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Tony Blair after 1997 up to Current

Tony Blair becoming the prime minister in 1997, initially started a new phase in Britain’s approach to European Integration with the new labour government keen for Britain to be seen at the centre of Europe rather than at the margins. The prime minister’s enthusiasm about the European Union was witnessed when he signed the social chapter after coming into power13. Gordon Brown also demonstrated an effort to ensure Britain is integrated fully within the EU than the previous leaders. However, Britain’s “special” relationship with the United States emerges once more. Since Britain do not want its foreign policy to be limited, this again reinforces the argument that it is an “awkward partner” in the European Union”14. This “special” relationship was however demonstrated during the terrorist attack of the United States in 2001 and Britain was actively involved and when Britain sent troops to Iraq and Afghanistan despite the fact that many European Nations and British themselves did not support the decisions. Tony Blair instead argued that the interest of British is protected by staying together with American government in all that they do15.
David Cameron’s actions after the integration also played a key role in isolating Britain from the integration process. Cameron’s activities and attitudes at the meeting of European Council in December 2011 further complicated integration process and it was becoming apparent that integration could not move with Britain16. Cameron’s arguments confirmed the traditional British policy that mainly focuses on nationalism and awkwardness in EU.

Evaluation and Conclusion

Overall this leads to the judgement about Britain’s approach to European integration that Britain’s attitudes towards European integration have been a difficult one. The main reasons for adoption of this kind of argument are three. The first reason emanates from the beginning of the European integration itself. During 1950s, the governments of Unite Kingdom initially opposed and excluded itself from being involved in the initial experimental for the European unity. The second reason is that even after joining the European Union in 1973, Britain has persistently called for the amendments of the agreements as soon as they are formed mainly to accommodate her “special” interests.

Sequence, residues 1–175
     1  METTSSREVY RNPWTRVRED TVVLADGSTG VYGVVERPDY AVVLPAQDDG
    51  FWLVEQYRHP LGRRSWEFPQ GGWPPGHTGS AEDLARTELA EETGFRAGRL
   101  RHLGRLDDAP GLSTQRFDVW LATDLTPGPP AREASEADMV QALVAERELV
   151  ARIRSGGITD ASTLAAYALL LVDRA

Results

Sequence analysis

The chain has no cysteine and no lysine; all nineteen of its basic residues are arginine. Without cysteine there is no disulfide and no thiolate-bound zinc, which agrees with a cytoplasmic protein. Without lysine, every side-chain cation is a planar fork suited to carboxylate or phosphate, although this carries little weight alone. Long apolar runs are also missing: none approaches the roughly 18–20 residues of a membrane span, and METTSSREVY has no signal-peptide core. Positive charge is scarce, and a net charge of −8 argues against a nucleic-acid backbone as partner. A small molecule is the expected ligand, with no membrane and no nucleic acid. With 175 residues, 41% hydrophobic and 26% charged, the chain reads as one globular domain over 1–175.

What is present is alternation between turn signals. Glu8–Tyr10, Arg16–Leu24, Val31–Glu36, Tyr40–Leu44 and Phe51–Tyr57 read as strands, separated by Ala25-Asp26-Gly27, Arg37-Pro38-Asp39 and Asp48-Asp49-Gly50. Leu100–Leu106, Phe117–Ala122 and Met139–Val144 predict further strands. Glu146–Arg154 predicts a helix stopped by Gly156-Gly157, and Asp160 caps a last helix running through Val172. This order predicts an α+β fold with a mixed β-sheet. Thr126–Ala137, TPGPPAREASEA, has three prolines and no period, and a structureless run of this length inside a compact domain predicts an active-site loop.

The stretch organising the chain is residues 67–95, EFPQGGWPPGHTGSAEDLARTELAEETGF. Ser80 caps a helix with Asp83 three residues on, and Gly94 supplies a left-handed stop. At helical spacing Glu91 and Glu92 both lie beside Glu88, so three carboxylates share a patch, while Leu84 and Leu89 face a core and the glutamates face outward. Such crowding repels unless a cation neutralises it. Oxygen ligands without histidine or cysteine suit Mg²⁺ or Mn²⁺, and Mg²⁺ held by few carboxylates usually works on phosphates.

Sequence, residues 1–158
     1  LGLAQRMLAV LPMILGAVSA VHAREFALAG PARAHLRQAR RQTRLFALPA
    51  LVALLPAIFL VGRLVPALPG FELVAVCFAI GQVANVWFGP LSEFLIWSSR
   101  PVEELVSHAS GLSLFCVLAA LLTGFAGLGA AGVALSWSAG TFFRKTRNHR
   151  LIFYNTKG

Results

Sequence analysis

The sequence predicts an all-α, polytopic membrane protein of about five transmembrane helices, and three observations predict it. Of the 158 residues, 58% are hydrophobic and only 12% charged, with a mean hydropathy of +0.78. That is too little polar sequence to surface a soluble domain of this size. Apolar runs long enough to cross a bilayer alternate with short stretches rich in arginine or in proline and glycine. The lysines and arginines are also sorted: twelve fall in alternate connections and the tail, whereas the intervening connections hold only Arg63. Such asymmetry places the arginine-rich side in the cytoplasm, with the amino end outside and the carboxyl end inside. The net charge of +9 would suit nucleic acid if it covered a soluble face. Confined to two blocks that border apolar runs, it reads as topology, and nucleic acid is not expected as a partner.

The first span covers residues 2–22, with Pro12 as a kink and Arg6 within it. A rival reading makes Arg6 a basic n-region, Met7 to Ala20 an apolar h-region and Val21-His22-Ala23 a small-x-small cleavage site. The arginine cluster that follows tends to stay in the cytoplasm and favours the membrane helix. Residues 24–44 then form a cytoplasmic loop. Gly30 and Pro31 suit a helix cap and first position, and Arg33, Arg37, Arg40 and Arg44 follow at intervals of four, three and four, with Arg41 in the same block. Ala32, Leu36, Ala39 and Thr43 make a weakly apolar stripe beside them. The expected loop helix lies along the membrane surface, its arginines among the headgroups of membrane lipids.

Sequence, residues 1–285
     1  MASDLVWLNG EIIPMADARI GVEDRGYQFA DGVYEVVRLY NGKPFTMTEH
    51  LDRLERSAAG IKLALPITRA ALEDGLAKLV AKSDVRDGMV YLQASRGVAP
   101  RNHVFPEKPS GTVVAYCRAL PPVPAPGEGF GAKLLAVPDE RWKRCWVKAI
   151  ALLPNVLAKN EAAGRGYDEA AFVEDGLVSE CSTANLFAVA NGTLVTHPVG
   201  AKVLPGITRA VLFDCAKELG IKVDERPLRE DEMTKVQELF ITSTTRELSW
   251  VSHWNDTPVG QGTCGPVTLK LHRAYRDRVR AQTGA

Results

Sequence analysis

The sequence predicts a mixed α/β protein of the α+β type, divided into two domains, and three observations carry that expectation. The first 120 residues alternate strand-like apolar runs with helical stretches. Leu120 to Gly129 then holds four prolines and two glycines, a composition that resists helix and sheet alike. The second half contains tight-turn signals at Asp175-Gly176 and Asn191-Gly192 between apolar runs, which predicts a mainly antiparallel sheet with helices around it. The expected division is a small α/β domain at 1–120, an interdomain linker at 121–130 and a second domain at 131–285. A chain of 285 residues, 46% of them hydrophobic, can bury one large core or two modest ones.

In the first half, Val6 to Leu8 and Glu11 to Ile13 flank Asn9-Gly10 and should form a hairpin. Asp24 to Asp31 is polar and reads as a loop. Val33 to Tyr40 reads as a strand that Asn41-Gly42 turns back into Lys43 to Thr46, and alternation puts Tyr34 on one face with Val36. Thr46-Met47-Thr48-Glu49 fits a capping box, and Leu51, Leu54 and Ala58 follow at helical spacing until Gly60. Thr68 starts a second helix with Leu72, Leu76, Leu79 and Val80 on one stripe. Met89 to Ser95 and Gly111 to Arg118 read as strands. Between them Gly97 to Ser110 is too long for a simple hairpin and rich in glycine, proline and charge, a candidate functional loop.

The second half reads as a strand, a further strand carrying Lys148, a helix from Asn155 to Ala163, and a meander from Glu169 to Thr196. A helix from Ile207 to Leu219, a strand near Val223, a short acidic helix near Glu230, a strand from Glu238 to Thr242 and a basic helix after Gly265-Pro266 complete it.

The third reason is the nature of British foreign policy. From this analysis, it is clear that the United Kingdom finds it particularly difficult to narrow its political interests only to Europe. While conservative governments contributed to high level isolation of Britain from European Union, labour governments seemed to bring a more close relationship with Europe but the fact that they still keep even strong relations with America makes Britain remain an “awkward partner”. This way of foreign policy is mainly based on their long lasting idealistic view of the world since the beginning of Nineteenth century.

References

Anderson, J., “The State Of the (European) Union: From the Single Market to Maastricht, From Singular Events to General Theories,” World Politics, vol.3, 1995, p.441.
Bache, I., George, S., and Bulmer, S., Politics in the European Union, Oxford, Oxford University Press, 2011.
Baker, D., and David S., Britain for and against Europe: British Politics & the Question of European Integration, New York, Oxford University Press, 1998.
Daddow, O., Britain and Europe since 1945: Historiographical Perspectives on Intergration, Manchester, UK, Manchester University Press, 2004.
Harris, P., Europe and Global Climate Change: Politics, Foreign Policy And Regional Cooperation, Cheltenham, UK: Edward Elgar, 2007.
James, S., “Taming the ‘Awkward State’? The Changing Face of European Policy-Making under Blair,” Public Administration, Vol. 87, no.3, 2009, p.604-620
Jones, B., Political Issues in Britain Today, Manchester, Manchester University Press, 1999.
Lowe, P., and Stephen W., British Environmental Policy and Europe: Politics and Policy in Transition, London, Routledge, 1998.
Mannin, M., The Europeanization Of European Politics. New York: Palgrave Macmillan, 2013.
O’donnell, M., and Richard W., “European Policy under Gordon Brown: Perspectives on a Future Prime Minister.” International Affairs, vol.83, no.2, 2007, p.253-272.
Schori, P., “Painful Partnership: The United States, The European Union, And Global Governance,” Global Governance, vol.3, 2005, p.273.
Taylor, G., and Andrew M., “Social Partner Or Social Movement? European Integration and Trade Union Renewal in Europe.” Labor Studies Journal vol. 1, 2002, p. 93.
Wardley, P., “British Business in the Formative Years of European Integration”, 1945-1973.” Business History, Vol. 6, 2010, p.1008.
Whyman, P B., “The Heritage Of The 1975 European Referendum For The British Trade Union Movement.” Economics, Management, and Financial Markets, vol. 4, 2010, p.133.